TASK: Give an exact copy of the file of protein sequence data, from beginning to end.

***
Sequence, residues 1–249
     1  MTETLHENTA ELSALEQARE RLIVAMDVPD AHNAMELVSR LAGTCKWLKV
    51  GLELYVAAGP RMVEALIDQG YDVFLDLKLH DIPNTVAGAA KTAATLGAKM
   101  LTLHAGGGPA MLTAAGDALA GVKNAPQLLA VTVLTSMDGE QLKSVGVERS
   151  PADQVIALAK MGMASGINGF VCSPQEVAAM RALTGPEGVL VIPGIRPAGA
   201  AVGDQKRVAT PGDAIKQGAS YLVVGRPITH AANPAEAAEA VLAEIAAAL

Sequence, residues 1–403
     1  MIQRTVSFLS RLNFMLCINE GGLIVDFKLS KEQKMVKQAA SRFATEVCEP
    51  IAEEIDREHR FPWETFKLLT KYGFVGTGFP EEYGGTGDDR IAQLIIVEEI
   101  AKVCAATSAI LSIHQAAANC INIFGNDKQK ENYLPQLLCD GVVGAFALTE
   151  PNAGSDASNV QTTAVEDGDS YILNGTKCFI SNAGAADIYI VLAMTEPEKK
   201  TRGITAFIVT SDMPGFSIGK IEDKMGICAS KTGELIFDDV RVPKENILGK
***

Sequence, residues 1–249
     1  MTETLHENTA ELSALEQARE RLIVAMDVPD AHNAMELVSR LAGTCKWLKV
    51  GLELYVAAGP RMVEALIDQG YDVFLDLKLH DIPNTVAGAA KTAATLGAKM
   101  LTLHAGGGPA MLTAAGDALA GVKNAPQLLA VTVLTSMDGE QLKSVGVERS
   151  PADQVIALAK MGMASGINGF VCSPQEVAAM RALTGPEGVL VIPGIRPAGA
   201  AVGDQKRVAT PGDAIKQGAS YLVVGRPITH AANPAEAAEA VLAEIAAAL

Sequence, residues 1–403
     1  MIQRTVSFLS RLNFMLCINE GGLIVDFKLS KEQKMVKQAA SRFATEVCEP
    51  IAEEIDREHR FPWETFKLLT KYGFVGTGFP EEYGGTGDDR IAQLIIVEEI
   101  AKVCAATSAI LSIHQAAANC INIFGNDKQK ENYLPQLLCD GVVGAFALTE
   151  PNAGSDASNV QTTAVEDGDS YILNGTKCFI SNAGAADIYI VLAMTEPEKK
   201  TRGITAFIVT SDMPGFSIGK IEDKMGICAS KTGELIFDDV RVPKENILGK